Downing Street has accepted four amendments put forward by Brexiteer Tories to its Customs Bill.
One of the amendments could stop the UK from collecting tariffs for the EU, part of Theresa May’s Chequers plan which has upset some Tory MPs.
Another change could rule out the EU’s “backstop” on customs.
Theresa May’s spokesman said the changes were “consistent” with the proposals put forward by the government so far.
But in the Commons, Labour MP Stephen Kinnock said the prime minister had “capitulated” to Conservative Brexiteers and that the proposals agreed at the Chequers summit were now “dead in the water”.
Mrs May said this was “absolutely wrong”, adding: “I would not have gone through all the work that I did to ensure that we reached that agreement only to see it changed in some way through these bills.”
The government, which does not have a Commons majority, has been under pressure from MPs on both sides of the Brexit debate.
The UK is due to leave the EU on 29 March 2019 and Parliament is considering a number of new laws needed to prepare for this and for life after the end of a proposed transition period, which is scheduled to last up to December 2020.
Last week’s White Paper setting out the UK’s preferred trading relationship with the EU – including a “common rule book” between the two sides – has angered many Tory MPs and they were set to show their displeasure by trying to amend the Taxation (Cross Border Trade) Bill, known as the Customs Bill.
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As well as calling on the UK not to collect tariffs on goods bound for the EU unless there are reciprocal arrangements in place across the continent, the amendments rule out a border in the Irish sea, ensure the UK is out of the EU’s VAT regime, and require new legislation if the government wants to form a customs union with the EU.
MPs are due to vote on the legislation at its final parliamentary stage later – and it would only take a handful of Tory MPs to side with them for the bill to fall.
The amendments are backed by the European Research Group of MPs, whose chairman, Jacob Rees-Mogg, says they are designed to:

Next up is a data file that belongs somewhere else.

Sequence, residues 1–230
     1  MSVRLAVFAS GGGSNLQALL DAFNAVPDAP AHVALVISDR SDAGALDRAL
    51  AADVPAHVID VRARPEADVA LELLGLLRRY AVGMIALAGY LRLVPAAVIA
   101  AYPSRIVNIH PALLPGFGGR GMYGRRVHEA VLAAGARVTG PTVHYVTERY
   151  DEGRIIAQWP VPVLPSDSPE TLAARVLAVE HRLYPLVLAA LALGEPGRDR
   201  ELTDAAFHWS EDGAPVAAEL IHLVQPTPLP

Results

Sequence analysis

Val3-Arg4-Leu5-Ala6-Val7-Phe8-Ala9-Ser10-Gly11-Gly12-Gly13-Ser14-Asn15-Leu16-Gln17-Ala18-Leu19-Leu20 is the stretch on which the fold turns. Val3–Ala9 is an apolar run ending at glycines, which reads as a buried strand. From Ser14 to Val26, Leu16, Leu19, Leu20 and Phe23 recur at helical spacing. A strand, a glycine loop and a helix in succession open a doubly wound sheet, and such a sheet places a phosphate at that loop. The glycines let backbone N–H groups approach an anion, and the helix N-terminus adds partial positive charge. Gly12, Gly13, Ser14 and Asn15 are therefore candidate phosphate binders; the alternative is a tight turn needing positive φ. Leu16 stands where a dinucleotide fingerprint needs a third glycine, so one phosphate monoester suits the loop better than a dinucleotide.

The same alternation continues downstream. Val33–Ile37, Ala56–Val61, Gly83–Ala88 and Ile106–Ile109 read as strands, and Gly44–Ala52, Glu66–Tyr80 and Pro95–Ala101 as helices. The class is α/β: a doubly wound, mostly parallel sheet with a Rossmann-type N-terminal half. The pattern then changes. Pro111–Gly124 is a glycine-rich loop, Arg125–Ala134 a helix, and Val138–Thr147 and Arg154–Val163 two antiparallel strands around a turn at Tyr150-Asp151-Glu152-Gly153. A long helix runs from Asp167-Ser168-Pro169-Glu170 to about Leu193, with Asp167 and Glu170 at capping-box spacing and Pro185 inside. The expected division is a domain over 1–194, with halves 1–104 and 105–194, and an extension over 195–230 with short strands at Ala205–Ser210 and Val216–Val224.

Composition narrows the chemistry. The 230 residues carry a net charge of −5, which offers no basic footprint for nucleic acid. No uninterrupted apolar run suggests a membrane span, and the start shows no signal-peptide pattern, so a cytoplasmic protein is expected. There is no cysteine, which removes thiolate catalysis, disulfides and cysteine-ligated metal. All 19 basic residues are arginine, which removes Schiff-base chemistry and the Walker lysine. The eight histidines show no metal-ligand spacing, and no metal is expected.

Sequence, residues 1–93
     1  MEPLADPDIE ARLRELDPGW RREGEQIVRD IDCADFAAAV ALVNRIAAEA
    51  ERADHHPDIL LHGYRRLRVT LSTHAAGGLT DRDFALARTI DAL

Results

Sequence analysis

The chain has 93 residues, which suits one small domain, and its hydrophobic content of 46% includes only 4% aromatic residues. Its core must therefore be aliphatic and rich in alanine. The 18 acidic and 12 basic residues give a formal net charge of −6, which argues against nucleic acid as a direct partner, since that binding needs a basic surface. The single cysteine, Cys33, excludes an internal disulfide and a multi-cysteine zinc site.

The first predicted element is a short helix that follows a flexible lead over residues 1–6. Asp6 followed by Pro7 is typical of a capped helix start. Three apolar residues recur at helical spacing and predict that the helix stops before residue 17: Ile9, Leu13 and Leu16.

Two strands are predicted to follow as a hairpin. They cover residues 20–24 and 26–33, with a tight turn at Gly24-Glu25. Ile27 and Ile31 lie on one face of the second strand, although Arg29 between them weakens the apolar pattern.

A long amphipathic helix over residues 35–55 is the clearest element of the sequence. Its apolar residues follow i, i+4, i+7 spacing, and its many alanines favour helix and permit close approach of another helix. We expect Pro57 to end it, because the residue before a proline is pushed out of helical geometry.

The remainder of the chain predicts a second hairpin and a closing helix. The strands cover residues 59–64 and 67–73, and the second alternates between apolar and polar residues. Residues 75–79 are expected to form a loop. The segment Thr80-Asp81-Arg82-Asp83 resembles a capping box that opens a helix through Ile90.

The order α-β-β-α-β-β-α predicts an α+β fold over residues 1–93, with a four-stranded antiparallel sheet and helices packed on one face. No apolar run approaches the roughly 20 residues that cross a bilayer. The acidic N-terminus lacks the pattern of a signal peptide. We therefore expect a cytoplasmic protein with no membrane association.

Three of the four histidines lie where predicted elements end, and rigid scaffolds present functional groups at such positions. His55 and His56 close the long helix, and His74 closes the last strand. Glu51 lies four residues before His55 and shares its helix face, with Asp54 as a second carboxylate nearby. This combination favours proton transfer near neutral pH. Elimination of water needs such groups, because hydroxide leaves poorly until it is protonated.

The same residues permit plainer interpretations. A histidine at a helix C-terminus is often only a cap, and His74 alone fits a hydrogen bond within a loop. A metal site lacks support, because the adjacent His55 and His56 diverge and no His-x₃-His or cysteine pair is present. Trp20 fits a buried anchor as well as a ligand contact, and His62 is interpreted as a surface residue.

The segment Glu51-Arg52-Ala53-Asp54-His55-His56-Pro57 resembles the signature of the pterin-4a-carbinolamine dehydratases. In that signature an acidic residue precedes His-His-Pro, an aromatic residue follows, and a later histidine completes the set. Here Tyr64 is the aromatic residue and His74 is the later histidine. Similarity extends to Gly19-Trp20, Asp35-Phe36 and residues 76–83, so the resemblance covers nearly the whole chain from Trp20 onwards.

- Enshrine in law the government’s commitment that Northern Ireland should be treated the same way as the rest of the country and not become a separate customs territory
- Ensure reciprocity of customs collections, treating the UK and EU as equals
- Enshrine in law the UK’s commitments that it will not be part of the EU’s harmonised VAT regime
- Require any new customs union with the EU only come into force if passed by Parliament through primary, rather than, secondary legislation
Two of them had been backed by former Brexit Secretary David Davis, who quit his post last week, and Mr Davis could speak during the Commons debate, expected to start after 17:00 BST – which would be his first Parliamentary intervention since his departure a week ago.
But he said he still backed Theresa May, telling reporters as he left his London home that “my name’s not Geoffrey Howe” – a reference to the late Conservative politician whose barbed criticisms of Margaret Thatcher during his resignation speech in 1990 paved the way for her subsequent downfall.
Scott Mann became the latest Tory MP to stand down as a ministerial aide to the Treasury in protest at the PM’s plan, following Robert Courts who did the same on Sunday.
Former education secretary Justine Greening said the plan was the “worst of both worlds” as she became the most senior Tory politician to call for another referendum on the final deal to break the current “deadlock”.
Mr Clark, the business secretary, said he disagreed with his colleague and believed the Chequers plan was the best way forward.
Urging the EU to respond positively to the UK’s proposals, he said an agreement this autumn, if it was backed by Parliament, would bring “certainty for working people right across the country”.
Brexiteers’ Customs Bill amendments accepted by government}